Today I’m tickled to host my second-ever author interview! My good friend Audry Nicklin has designed, written, and published Lit Knits, a book of ten knitting patterns inspired by works of classic literature that allow you to “wear your favorite story.”
Let’s go behind the scenes of a real live author’s creative process. Welcome to my virtual living room, Audry!
1. We all know that a book takes a long time to produce. How long has your book been in the making, from concept to publication?
This book has been a long time coming. It took me roughly 2.5 years from concept to publication. And within that 2.5 years, I was also working part time at a yarn shop and submitting patterns to other publications.
2. How did you get the idea for Lit Knits?
After reading Anne of Green Gables in early 2011, I was inspired to make a shawl that had bits of the story knit into it. So I made up a stitch pattern that looked like the house, Green Gables. Below that I knit a texture of a fence followed by a field of flowers leading down to the Lake of Shining Waters.
After completing the shawl, I started working on a pair of mittens inspired by the white rabbit in Alice’s Adventures in Wonderland. One thing led to another and I realized that I had a solid theme for a collection of patterns. It did take some time to figure out how to make the collection as cohesive as possible. I thought about doing a knit for A Tale of Two Cities by Dickens and one for The Raven by Poe. But Anne of Green Gables and Alice’s Adventures in Wonderlandare considered classic children’s literature, so I kept within that theme.
3. Of the 10 patterns in the book, which is your favorite?
I can’t say that they are all my favorite, can I?
Each pattern represents a different part of my knitting journey, so I like each one for a different reason. “Down The Rabbit Hole” is based on one of my favorite childhood stories. But the “Robin Hoodie” represents the culmination of all my knitting abilities. I couldn’t have written that pattern when I started the book. But I gained enough experience while writing the other patterns to make it a reality.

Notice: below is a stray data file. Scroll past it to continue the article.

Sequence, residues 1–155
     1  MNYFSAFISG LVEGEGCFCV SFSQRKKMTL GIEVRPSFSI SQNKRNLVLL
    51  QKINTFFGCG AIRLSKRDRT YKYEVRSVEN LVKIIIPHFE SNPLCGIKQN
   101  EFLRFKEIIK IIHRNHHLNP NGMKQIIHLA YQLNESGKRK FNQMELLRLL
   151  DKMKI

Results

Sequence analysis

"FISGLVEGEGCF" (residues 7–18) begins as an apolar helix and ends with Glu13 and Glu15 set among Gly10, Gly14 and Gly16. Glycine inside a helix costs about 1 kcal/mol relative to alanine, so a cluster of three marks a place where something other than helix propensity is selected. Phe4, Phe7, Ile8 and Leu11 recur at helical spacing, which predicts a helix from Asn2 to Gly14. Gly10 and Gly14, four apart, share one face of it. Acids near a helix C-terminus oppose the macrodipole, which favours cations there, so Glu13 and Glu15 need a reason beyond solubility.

|The “Robin Hoodie,” the culmination of all of Audry’s knitting abilities.|
4. What would be the 11th work of literature you would add if you could?
This collection almost had 12 patterns. Before I designed each garment, I read the book I wanted to base the knit on. I read Little Women and Heidi, but when it came down to it, I had trouble designing knits that didn’t look kitschy. So I cut the collection down to 10 patterns.
5. The photography in your book is incredible. However, we all know that serene images don’t always come from serene photo shoots. What were some funny stories that happened while you were taking pictures for this book?
Well, you were part of one of the more amusing photo shoots. Since the socks you modeled were Black Beauty themed, we needed to have horses in the background. After getting permission to go to a field where there were horses, we couldn’t find them! It took a good half hour of circling around groves of trees before we found the herd. Then three curious horses came over to investigate. Just as we would shoo one away from the equipment, another one would sneak up and have a look. I still have horse spit stains on my camera bag.
I know you were cold during that shoot since it started to mist by the end of it, and I had horrible allergies for two days afterwards because I spent the entire time with my face practically rubbing the grass. And I never did get those grass stains out of my jeans.
6. I know you made extreme efforts to use authentic props in your photo shoots. What was the coolest prop you collected for this book?